I spent last week in a remote Scottish location, which meant that I could catch up on some podcasts that had backed up on my phone. As I listened to a few in succession, some interesting juxtapositions were thrown up. One in particular got me thinking about the balance of power and responsibility between individuals and organisations.
I would guess that everyone knows someone who is unhappy in their work, even if they aren’t themselves. There may be many reasons for this, but the prevailing trend seems to be that the unhappy owe it to themselves to find a way to change things so that they can become happier. (Or to manage their own unhappiness.) An old friend of mine, perhaps worn down from years listening to HR complaints, was robust in her assertion that people should leave if they didn’t enjoy working at the firm: “we don’t put bars on the windows.”
So, as I listened to the Thinking Allowed discussion of happiness and wellness, I was particularly struck by comments about the way that this individualistic approach has allowed organisations and even society at large to transfer responsibility for making things better to individuals. This is often dressed up as ‘agency’, even when people may actually have very little power to make real change, short of changing jobs.
A little later, on their excellent Shift podcast, Euan Semple and Megan Murray had an entertaining conversation about navel gazing as a key business skill. Jack Vinson blogged a key point:
The thing that struck me hard enough to do a quick blog post is the idea that some people get wrapped around the axel of self-improvement without thinking why. On the opposite end are people who have no interest in self-improvement (but who are happy to point out situations in which they are unhappy).
I have always liked the idea that if I am upset about something / someone, it is because something inside me is out of kilter. It is not the other person / situation is necessarily wrong, but my take on it has me upset. In other words, it is my responsibility to figure out why that business meeting made me so angry, and then DO SOMETHING DIFFERENT.
I don’t disagree with Jack’s view that one should always consider whether there is something one could change about oneself. However, I am concerned that when organisations assume that people should always take responsibility, they are more likely to allow poor situations to persist.
People make decisions about difficult working situations for so many reasons that each may well be unique. They may stay because they have built up valuable support networks amongst colleagues and have no wish to let them down. They may have external commitments that make it hard to move. They may feel no such constraints. They may be natural disruptors so they drive change wherever they are. If the organisation has no interest in understanding people and the reasons why they are happy or unhappy, it has no way of knowing whether there are fundamental problems that need to be addressed at the organisational level. (This can produce stagnation, but may also allow unfettered change initiatives to flourish.)
It is time for the pendulum to swing back. By all means encourage people to take some responsibility for making the changes they need. But organisations also need to take more responsibility for being aware that people are unhappy and why this might be, and for making sensible changes to improve overall happiness.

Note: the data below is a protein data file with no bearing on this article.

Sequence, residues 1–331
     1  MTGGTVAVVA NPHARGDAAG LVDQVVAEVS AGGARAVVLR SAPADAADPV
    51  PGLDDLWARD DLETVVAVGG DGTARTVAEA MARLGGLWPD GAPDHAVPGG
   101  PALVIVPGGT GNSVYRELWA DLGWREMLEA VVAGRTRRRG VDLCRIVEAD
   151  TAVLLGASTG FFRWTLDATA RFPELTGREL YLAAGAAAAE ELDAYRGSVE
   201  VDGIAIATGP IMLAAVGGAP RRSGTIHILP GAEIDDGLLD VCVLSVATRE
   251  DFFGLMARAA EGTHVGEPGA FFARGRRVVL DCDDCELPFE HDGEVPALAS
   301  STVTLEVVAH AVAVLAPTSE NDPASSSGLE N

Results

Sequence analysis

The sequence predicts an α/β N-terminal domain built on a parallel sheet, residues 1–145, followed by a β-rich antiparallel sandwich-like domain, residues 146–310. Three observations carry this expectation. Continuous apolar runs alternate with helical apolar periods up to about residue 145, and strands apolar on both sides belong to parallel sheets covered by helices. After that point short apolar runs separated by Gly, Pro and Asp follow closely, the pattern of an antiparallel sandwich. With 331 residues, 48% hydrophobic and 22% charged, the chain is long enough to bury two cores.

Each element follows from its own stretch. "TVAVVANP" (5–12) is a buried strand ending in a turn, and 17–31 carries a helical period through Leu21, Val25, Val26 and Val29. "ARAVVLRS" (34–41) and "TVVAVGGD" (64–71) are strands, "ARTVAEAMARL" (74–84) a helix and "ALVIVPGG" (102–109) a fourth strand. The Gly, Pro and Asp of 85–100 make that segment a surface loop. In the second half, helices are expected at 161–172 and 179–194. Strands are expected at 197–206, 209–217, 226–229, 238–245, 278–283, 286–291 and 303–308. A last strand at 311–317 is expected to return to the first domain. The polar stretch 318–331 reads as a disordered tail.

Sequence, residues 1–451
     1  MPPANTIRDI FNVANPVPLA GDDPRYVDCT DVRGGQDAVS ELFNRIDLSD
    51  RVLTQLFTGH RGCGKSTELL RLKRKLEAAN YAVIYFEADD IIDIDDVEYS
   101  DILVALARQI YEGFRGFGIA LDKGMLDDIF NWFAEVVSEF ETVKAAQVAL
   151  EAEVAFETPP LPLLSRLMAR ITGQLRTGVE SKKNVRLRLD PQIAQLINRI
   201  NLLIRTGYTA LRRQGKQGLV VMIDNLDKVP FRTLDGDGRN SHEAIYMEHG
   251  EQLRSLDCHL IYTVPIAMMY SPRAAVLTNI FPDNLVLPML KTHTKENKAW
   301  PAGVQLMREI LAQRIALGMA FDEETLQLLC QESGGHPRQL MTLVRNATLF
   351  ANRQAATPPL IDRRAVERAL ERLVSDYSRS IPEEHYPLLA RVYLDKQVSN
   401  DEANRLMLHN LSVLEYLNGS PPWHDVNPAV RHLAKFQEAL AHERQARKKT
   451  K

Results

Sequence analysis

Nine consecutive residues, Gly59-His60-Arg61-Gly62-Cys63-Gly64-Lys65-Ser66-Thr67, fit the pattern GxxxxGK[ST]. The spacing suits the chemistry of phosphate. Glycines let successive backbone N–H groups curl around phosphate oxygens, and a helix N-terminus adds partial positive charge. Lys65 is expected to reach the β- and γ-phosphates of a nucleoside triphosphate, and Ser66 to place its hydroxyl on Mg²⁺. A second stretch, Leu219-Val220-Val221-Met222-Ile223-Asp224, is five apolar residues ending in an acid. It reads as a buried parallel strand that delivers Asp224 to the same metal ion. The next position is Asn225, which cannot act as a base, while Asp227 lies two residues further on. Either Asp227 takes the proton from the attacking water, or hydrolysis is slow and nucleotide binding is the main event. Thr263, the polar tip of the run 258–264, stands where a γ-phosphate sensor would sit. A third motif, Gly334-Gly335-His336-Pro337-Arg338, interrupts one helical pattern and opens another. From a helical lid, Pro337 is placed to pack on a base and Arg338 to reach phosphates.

Fortuitously, last week also saw the launch of a new tool that gives organisations a better way of understanding what is really going on. Cognitive Edge’s cultureSCAN can be used to take a snapshot of the way people feel about their work, or it can be used repetitively to test the reception of organisational change (for example). As a Cognitive Edge network member, I can work with law firms (and others) work out how best to use cultureSCAN and the information it produces. Please get in touch if you are interested in knowing more.
A summary of cultureSCAN is provided on the Cognitive Edge site, and I have excerpted it below.
Culture is a crucial part of most organisations’ success or failure – yet, given its complexity, is also one of the most difficult things to influence. The organisational culture, people’s behaviour and the narratives they share when they meet are all interwoven – co-evolving together. Looking to understand the overall system and see which levers to pull is a futile – and mistaken – pursuit.
Instead anyone tasked with changing a culture must work to understand the narratives – the stories and fragments of meaning – that are exchanged each day in the many interactions that happen at the coffee machine, in the corridor and in meetings. Change then becomes a matter of amplifying the narratives that lead in the desired direction, dampening the ones that draw people away – and looking for opportunities to improve and innovate along that path.
Cognitive Edge’s cultureSCAN is a unique opportunity – a pre-configured tool for online and smartphone users to gather organisational narratives and understand the culture as it stands.
cultureSCAN is a culture-specific set of signifiers allowing users to signify audio/text/pictures quickly and easily (audio and pictures available only on iOS and Android apps). It uses SenseMaker® – the only software licensed to use Cognitive Edge’s patented signification methods – meaning that organisations have the objectivity and scalability of quantitative data, supported with the insight and richness of qualitative micro-narrative material.
So it is easy to see – and prove – where the organisation is today, as well as delving deeper to understand why – and where it can be taken tomorrow.